My correspondents were not confined to passengers or crew.  One letter was from Cyril Harrison, an ‘apprentice detail fitter’, working at the Short Brothers’ Rochester factory in the 1930s.  His job was to help finalise the flying boat’s construction; because of his slight boyish figure he could clamber over the wings, in slippered feet,  avoiding any damage to the nearly completed aircraft.    I received letters from three members of the same family, all of whom were ex-Short Brothers’ workers.    Later I received a photograph of a painting that Cyril had completed illustrating one of the Rochester flying boat workshops, a hive of industrial activity, all pulleys, lathes and cacophonous noise.    He had subsequently sold the painting and lost touch with its whereabouts.  We later met at the Medway Archives in Rochester and he was reunited with his lost artwork.

Another lost artwork provided my book’s cover.  One correspondent wrote to me about a picture by the war artist R Vivian Pitchforth.  It shows Sunderland flying boats at Mount Batten in Plymouth during the war.  I loved it – so evocative of an age.  I had some difficulty in tracking down the original and finally discovered that the War Artists’ Advisory Committee had commissioned it in 1942, and then, when the war was over, had despatched it – with a harking back to imperial largesse – to the art gallery in Bendigo, Australia.   Now my book had a cover, thanks to Bendigo Art Gallery’s warm-hearted curator, and, of course, my Saga correspondent.


I never failed to be excited when a Saga letter arrived.  Opening the envelope I wondered what the story would be: a wartime flight from Durban to Cairo; an awed description of the moment of take-off (white water past the windows); a scribbled note commenting on the great age of both correspondent and aircraft – on a 1932 photograph of a flying boat; a set of newspaper cuttings from the daughter of the Chief Steward on the SS Kensington Court, rescued by flying boat after being sunk by a U boat early in the war…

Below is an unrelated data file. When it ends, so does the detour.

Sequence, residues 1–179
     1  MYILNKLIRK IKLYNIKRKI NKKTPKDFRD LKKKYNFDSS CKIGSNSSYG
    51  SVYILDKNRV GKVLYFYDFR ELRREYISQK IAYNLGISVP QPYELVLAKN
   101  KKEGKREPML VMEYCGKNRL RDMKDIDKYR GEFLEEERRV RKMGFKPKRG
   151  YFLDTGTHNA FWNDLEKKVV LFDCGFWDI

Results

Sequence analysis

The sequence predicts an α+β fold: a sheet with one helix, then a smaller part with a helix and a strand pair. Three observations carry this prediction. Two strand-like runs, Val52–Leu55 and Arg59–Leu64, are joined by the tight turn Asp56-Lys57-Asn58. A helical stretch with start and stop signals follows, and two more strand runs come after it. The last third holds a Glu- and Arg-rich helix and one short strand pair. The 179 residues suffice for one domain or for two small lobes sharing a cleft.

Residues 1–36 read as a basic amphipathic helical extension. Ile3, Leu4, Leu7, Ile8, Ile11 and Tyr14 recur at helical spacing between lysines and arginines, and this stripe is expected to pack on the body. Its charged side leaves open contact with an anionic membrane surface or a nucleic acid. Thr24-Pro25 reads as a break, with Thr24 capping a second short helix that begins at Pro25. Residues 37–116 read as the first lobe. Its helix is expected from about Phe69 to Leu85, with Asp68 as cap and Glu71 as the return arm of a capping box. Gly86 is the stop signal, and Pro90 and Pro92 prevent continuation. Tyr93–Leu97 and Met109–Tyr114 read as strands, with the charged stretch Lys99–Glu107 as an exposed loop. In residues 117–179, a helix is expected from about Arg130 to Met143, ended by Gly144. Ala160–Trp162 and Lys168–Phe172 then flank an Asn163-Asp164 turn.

The publication of Flying Boats of the Empire came too late for some correspondents.  While some were relatively young, others were less so, and several passed away before they could set their eyes on what their collective memories had contrived, the book itself, with Pitchforth’s arresting illustration on the cover.  After all, well over two years had passed since I had first sought help from those with stories of flying boats to tell.


Frequently I was moved by the determination to tell stories from the past, moments in personal histories that meant so much.  I became used to, but never bored by, those statements which recalled what seemed to many, the most golden of times, when the preferred way to travel was at ten thousand feet above the Murchison Falls, or the Bay of Corinth, in what was, for a brief decade, the cutting edge of aviation technology.    For those voices from the past, I am indebted to the living archive that is Saga’s readership.  It was that collective experience and humanity which breathed life into my book.



Richard Knott’s book Flying Boats of the Empire was published at the end of January 2011 by Robert Hale.